We applied a spatial scanning measurement technique to neutron diffraction on a powder diffractometer, and performed scanning wide-angle neutron diffraction (SWND) experiments to investigate local structures of materials. The SWND technique has an advantage that one can observe a diffraction pattern over a wide scattering angle range, so that the positional dependence of local crystal structures can be measured for practical durations. Moreover, because neutrons have a larger penetration depth, on the order of a few cm, than X-rays, the SWND technique provides structural information even in internal regions of materials. We succeeded in observing positional dependence of diffraction patterns from small areas (approximately 2 × 5 mm2) of a type-304 stainless steel plate with a dimension of 19.5 × 50 × 4.7 mm3 subjected to a mechanical tensile strain of 90% of the 0.2% offset yield strength. In the SWND experiments, we confirmed that the crystallographic circumstance in the strain-loaded type-304 stainless steel is not homogeneous. For instance, we observed positional deviation in the grain direction of the master-alloy austenite phase, and local distribution of the stress induced martensite phase. The SWND technique is a particularly important probe for estimating the stress-induced phase, because it on-destructively observes even the inside of bulk materials.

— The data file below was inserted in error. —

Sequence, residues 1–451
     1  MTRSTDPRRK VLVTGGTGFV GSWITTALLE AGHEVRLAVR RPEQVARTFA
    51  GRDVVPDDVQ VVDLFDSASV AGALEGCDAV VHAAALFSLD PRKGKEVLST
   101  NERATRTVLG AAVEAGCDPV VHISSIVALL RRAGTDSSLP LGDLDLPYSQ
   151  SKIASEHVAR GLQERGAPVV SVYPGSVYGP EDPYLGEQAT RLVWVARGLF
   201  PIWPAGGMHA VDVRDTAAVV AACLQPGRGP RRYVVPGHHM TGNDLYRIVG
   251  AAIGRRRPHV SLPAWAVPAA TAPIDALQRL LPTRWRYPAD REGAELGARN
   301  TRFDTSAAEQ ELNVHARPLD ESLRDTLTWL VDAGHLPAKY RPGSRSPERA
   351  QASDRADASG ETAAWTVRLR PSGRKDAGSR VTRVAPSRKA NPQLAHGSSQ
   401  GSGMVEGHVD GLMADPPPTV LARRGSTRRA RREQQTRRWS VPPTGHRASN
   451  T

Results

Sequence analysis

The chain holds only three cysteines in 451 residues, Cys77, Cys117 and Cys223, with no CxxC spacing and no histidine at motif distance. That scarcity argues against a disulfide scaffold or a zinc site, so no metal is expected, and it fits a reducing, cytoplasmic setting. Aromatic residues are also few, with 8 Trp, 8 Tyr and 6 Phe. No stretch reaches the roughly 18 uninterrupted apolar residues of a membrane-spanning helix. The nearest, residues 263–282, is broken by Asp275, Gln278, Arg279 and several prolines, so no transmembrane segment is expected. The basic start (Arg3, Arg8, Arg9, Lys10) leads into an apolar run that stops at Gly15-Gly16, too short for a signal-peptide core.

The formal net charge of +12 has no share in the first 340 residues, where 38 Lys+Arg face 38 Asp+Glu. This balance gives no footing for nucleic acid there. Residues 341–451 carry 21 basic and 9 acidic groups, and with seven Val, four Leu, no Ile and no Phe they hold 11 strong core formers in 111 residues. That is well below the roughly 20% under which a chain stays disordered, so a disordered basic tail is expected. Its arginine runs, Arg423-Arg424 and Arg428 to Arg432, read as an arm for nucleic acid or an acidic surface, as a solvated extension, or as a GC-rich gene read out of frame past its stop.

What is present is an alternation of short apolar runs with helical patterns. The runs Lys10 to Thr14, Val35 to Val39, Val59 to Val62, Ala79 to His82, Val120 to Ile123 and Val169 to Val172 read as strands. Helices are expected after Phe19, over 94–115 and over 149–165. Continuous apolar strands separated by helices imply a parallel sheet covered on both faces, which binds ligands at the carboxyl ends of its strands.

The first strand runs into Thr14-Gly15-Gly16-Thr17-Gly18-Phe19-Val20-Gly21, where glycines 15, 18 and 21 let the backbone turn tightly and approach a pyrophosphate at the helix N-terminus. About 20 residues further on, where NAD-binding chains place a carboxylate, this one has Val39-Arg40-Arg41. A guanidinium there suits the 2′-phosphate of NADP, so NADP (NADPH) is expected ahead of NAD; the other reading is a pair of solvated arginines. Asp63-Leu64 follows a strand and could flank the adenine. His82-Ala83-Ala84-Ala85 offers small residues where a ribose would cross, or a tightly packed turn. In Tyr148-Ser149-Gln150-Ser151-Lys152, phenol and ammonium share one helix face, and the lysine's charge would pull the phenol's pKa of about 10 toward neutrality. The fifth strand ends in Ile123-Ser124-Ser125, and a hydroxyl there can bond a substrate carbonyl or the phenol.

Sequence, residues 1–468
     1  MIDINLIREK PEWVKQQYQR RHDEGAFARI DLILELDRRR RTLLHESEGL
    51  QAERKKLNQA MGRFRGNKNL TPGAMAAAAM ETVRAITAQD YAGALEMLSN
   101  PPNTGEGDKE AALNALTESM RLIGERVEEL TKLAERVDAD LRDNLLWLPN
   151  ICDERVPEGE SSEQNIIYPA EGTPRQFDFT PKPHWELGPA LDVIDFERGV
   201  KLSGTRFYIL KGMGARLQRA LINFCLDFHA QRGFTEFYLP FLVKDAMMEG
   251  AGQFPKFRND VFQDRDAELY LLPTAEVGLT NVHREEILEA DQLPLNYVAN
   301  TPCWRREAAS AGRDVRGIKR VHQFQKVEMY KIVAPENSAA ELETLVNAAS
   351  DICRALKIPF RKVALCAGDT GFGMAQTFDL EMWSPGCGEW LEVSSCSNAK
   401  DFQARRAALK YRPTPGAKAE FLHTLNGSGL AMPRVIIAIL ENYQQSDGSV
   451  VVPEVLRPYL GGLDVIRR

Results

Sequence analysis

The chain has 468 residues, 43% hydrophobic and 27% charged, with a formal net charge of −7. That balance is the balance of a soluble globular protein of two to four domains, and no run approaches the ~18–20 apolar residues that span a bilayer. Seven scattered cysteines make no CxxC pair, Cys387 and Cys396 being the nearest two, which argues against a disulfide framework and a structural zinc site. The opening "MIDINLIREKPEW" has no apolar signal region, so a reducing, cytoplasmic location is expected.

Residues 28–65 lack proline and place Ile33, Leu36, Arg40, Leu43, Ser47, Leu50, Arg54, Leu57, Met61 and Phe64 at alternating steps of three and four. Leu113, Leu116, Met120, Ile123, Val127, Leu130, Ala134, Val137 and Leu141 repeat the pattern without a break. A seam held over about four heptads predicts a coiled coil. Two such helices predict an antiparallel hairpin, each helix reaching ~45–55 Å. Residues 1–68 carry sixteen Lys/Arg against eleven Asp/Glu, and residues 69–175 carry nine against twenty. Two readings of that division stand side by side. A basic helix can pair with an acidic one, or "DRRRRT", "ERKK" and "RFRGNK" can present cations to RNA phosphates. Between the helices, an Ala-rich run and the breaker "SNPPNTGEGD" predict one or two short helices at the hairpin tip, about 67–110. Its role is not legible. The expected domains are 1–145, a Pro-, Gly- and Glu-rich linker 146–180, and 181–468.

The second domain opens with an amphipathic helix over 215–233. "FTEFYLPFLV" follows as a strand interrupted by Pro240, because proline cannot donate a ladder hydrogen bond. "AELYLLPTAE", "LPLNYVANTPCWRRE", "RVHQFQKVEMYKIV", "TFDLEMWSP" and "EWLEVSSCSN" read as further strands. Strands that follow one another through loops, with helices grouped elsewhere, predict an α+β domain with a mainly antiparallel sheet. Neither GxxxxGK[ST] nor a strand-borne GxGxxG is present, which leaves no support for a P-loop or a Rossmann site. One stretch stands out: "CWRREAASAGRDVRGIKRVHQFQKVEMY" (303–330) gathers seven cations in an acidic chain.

|ジャーナル||Japanese Journal of Applied Physics, Part 1: Regular Papers and Short Notes and Review Papers|
|出版ステータス||Published - 2007 12 6|
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